Chrysler Chills: Is this Thermal Denial?

February 18, 2007

Sunset
Ford and GM have shed nearly eighty thousand jobs. Chrysler now announces another 13,000 job cuts in North America. Chrysler/Daimler faces a tricky future as its head, Dieter Zetsche, weighs up all options for the ailing partnership. Against the growing reality of the job-cuts we ask: is there still thermal denial in the American auto-industry?

The overall story is now well-established. The mighty auto-industry in America is in a tailspin. There is a sense of the decline and fall of the Fordist Empire. Some of us learned that was caused by enemies within, as much as enemies from outside. Which translated points to the fiendish plot by Foreign-owned auto-companies to metamorphose into American companies.

Sales and sales projections say that big is not as beautiful as it was. It seems likely that the invaders such as Toyota can probably scale upwards in the new midi- or cross-over utility vehicle market more easily than the American auto-giants can scale down into the market.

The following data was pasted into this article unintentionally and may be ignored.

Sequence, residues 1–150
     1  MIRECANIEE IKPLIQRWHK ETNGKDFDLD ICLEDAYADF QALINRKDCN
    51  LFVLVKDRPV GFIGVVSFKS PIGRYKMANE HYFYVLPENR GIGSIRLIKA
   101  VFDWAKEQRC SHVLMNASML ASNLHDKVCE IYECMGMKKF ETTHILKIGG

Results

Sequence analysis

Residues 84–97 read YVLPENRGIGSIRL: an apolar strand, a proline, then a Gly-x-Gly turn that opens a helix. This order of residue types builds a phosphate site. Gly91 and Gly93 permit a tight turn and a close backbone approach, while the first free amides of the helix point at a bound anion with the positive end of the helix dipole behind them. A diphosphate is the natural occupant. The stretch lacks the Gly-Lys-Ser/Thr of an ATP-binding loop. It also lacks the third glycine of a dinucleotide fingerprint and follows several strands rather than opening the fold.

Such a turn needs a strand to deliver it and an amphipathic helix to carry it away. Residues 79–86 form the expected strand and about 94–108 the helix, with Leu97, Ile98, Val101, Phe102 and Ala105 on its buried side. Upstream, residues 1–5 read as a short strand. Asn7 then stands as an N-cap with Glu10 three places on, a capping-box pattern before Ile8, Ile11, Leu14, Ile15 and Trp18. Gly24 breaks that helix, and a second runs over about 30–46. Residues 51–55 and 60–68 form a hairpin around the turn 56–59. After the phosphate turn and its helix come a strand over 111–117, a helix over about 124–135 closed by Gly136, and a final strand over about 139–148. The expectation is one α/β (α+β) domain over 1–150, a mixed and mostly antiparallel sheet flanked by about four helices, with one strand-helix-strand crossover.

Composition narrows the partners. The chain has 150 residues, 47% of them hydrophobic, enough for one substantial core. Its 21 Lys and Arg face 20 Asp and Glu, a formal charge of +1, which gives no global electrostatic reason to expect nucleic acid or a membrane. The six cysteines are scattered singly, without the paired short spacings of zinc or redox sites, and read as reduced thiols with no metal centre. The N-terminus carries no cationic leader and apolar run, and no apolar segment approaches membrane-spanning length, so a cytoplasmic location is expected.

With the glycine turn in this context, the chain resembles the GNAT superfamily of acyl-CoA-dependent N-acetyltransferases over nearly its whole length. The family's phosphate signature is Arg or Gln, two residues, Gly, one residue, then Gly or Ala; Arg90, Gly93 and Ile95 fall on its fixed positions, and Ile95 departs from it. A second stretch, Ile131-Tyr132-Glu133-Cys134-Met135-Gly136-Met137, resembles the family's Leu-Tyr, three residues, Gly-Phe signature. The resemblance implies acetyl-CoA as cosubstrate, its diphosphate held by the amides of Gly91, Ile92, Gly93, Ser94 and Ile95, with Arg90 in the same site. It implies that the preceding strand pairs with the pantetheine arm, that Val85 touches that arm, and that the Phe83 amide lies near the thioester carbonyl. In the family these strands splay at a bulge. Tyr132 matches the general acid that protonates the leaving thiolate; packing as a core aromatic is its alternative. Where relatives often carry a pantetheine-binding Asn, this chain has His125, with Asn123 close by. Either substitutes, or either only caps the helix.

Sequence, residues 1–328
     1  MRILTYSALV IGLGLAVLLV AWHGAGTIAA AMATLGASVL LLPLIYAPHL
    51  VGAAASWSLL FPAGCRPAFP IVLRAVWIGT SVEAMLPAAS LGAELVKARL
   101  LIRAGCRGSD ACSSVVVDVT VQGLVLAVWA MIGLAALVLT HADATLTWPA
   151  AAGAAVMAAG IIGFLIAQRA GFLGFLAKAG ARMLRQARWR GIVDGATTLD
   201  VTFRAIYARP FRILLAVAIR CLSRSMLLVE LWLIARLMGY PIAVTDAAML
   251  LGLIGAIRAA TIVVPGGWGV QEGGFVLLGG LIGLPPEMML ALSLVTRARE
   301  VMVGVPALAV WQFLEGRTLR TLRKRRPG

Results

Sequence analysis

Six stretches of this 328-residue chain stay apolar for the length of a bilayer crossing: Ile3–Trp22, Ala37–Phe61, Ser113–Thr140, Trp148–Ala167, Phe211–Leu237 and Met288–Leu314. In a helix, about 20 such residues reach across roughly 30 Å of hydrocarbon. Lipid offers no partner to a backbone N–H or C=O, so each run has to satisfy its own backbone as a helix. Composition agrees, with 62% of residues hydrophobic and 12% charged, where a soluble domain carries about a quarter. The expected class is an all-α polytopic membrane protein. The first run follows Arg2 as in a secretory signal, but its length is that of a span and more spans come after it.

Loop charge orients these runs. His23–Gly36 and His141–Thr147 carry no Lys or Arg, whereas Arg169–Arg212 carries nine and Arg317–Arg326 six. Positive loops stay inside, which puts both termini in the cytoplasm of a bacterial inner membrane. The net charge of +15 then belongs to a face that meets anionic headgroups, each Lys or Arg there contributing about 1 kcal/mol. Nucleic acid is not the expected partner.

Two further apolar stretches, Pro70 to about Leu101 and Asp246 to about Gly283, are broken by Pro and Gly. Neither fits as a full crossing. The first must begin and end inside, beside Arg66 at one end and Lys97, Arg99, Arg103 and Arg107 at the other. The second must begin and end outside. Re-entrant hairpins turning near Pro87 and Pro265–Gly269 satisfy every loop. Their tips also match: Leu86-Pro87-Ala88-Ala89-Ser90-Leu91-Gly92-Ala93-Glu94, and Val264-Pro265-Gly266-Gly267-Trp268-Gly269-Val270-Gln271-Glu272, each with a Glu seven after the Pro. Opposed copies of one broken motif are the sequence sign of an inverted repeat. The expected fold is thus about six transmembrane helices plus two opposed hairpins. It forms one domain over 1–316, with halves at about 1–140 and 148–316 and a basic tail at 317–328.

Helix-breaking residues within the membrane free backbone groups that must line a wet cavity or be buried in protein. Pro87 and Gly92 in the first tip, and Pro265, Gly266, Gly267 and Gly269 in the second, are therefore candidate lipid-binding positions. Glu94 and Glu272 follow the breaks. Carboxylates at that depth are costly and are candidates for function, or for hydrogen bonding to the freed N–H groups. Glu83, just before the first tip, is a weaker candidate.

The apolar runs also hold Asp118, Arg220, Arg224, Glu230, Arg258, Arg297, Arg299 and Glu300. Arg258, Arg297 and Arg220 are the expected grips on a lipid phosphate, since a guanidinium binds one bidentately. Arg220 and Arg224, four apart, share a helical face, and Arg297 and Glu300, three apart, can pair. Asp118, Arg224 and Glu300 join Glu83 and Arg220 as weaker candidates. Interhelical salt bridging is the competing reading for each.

Meanwhile at the Detroit Show

Meanwhile, the Detroit show recently indicated the approach to the market from the ailing giants. Chrysler could claim to have played a big part in creating the market for the rather large People Carriers. Tom LaSorda, head of the American Chrysler division of the partnership said as much at the show. He also indicated that the future product the company was backing was …The Grand Caravan, another people carrier.

In a sideshow, the Corporation’s chief economist was offering another interesting take on its thinking. Van Jolissaint described a gulf between views he found prevalent in Europe, and those in the States. He was dismissive of the Stern report and suggested that climate change was “way, way in the future, with a high degree of uncertainty”. He added for good measure that the Europeans appeared to be suffering from a quasi-hysterical condition producing Chicken Little behavior, running around saying the sky was falling in. The audience from within the auto-industry seemed to find both solace and confirmation of the correctness of its own views from his argument.